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The term 'innovation' is particularly ambiguous and lacks either a single definition or measure. The UK Department of Trade and Industry's (DTI 1998) defined innovation as, 'the successful exploitation of new ideas'. Innovation is defined as the invention and commercialization of new products or services based on the application of technological and/or market knowledge (Hitt & Ireland, 2000)
A considerable literature has accumulated on the subject of innovation, which is widely seen as the basis of a competitive economy (Porter and Ketels 2003)
Quantifying, evaluating and benchmarking innovation competence and practice is a significant and complex issue for many contemporary organizations (Frenkel et al. 2000). An important challenge is to measure the complex processes that influence the organization's innovation capability, in order that they can be optimally managed (Cordero 1990).
Innovation is central to organisational growth and competitiveness (Terninko et al., 1998; Zairi, 1999; Tidd et al., 2001). It can result in changes to the products, processes or services that an organisation offers and on occasion all three together (Roberts, 2002).
CHALLENGES IN MANAGING INNOVATION
There are several challenges affecting the innovation process these occur from the idea generation stage to the commercialisation of the idea. This paper will consider a few of those challenges.
One of the major barriers to innovation is creativity. Large corporations lack the motivational capacity of small companies to nurture or motivate innovative people who have new, creative and break-through ideas. However, some companies rely upon historical experience to help them solve their problems and come with solutions (Marnix, 2006). Creativity in new product development can be approached in different ways, such as technology driven product development or in some cases companies have been successful through a thorough understanding of the customer needs (Mahesh & James, 2008, p.1021).
The level of priority given to the innovation process in an organisation affects its implementation and contributes to its achievement. Many organisations itemise innovation as part of its goals but without the necessary steps to put it into action (Wladawsky, 2008; Kuczmarski, Middlebrooks & Swaddling, 2000, p21).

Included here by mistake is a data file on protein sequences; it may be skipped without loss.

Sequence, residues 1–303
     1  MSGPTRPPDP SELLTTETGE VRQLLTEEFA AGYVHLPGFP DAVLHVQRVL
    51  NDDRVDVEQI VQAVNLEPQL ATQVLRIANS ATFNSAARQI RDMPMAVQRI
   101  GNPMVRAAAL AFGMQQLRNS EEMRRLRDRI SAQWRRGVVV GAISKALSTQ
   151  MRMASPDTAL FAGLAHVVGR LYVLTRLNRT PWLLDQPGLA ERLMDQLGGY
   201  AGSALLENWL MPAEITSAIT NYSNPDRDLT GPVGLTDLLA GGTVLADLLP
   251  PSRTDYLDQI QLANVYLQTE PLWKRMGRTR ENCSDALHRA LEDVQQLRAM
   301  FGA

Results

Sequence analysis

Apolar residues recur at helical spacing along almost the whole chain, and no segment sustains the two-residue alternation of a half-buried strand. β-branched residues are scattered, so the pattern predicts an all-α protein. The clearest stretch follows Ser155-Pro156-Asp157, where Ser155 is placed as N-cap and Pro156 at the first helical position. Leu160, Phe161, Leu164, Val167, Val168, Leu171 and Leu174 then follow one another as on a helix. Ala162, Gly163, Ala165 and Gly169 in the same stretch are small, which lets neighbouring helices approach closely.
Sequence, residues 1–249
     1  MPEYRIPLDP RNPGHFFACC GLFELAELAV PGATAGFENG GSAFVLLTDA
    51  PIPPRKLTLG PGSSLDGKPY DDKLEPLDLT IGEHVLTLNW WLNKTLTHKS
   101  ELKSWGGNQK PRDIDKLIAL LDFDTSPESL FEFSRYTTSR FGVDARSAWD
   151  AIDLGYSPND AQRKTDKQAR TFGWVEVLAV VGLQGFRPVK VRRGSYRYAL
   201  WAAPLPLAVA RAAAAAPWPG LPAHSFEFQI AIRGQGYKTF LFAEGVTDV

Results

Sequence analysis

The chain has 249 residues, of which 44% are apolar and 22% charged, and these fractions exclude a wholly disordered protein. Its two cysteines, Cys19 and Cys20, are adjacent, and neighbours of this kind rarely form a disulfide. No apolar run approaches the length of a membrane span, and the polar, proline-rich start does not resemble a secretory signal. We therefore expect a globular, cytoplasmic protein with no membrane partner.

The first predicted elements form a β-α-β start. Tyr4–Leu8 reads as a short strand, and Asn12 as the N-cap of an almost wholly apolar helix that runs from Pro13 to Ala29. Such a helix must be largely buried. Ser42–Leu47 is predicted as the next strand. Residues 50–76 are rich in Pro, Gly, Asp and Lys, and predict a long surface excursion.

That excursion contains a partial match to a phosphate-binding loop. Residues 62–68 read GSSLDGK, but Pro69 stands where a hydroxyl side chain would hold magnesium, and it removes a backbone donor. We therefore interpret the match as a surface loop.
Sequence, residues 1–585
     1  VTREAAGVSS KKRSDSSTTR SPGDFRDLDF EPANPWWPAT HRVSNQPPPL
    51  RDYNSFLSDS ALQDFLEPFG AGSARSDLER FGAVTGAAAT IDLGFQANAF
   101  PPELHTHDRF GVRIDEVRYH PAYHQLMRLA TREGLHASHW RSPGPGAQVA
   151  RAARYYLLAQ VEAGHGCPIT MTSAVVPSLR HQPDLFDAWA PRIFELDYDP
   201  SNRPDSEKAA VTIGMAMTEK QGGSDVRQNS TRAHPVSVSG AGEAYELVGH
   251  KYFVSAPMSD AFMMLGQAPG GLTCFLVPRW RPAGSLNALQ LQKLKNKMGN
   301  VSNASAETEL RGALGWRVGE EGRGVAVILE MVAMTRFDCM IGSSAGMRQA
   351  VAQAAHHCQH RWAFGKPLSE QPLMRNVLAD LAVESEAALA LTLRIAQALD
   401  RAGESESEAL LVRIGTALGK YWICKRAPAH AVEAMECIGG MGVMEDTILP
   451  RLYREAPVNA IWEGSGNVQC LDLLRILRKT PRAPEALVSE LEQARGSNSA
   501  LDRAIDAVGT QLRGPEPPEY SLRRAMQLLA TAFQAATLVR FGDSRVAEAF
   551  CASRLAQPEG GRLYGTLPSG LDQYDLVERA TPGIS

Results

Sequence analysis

Without fail risk aversion is the most frequent barrier to innovation. Most companies inform employees that they simply will not tolerate failure. The challenge of balancing the need for success with the need to accept risk can be daunting (Kuczmarski et al., 2000, p23). Knight (1971) suggests that innovation is risky because innovative actions aimed at the future always confront uncertainty. Innovation can create human resource risk. Henrik (2007) found that there was an ever-present risk of losing key people especially technically skilled personnel; this is due to the fact that certain projects maybe neglected to assist the companies in reaching their innovative goals. He also found that there was a risk of senior employees retiring with essential skills because of the pressure to train and learn new customs at a later stage in their careers than they expected.
According to Marnix (2006), managers cannot predict exactly the outcome and reactions of the market, resulting to uncertainty. Uncertainty makes it hard to obtain long-term internal support and resources. A framework was developed by Pearson is used for analysing and understanding uncertainty in the innovation process. The framework developed due to research in case studies in technological innovation with companies like 3M, Pilkington's float glass process and Sony's walkman, Pearson divided uncertainty into two: Uncertainty about ends and uncertainty about means (Trott, 2005, p.79)
USING MODELS TO MANAGE INNOVATION
Early models regarded innovation as a linear process driven either by technology push or market pull, later models recognised that success was highly dependent on coupling these two forces together with feedback loops (Tidd, 2006). Following further research on Japanese automobile companies, integrated or parallel models began to be developed that involved significant functional overlaps between departments and/or activities (Hobday, 2005, p. 124). Observations made during the 1980's and 1990's of an increase in corporate alliances, partnerships, R&D consortia and joint ventures of various kinds led to the systems integration and network models (Jim, 2007, p.228).
The linear models provide a justification for additional research and development spending by firms as this would lead to greater innovation and, in turn, faster economic growth. These models treat innovation as a sequential process that takes place in discrete stages (Hobday, 2005, p.124).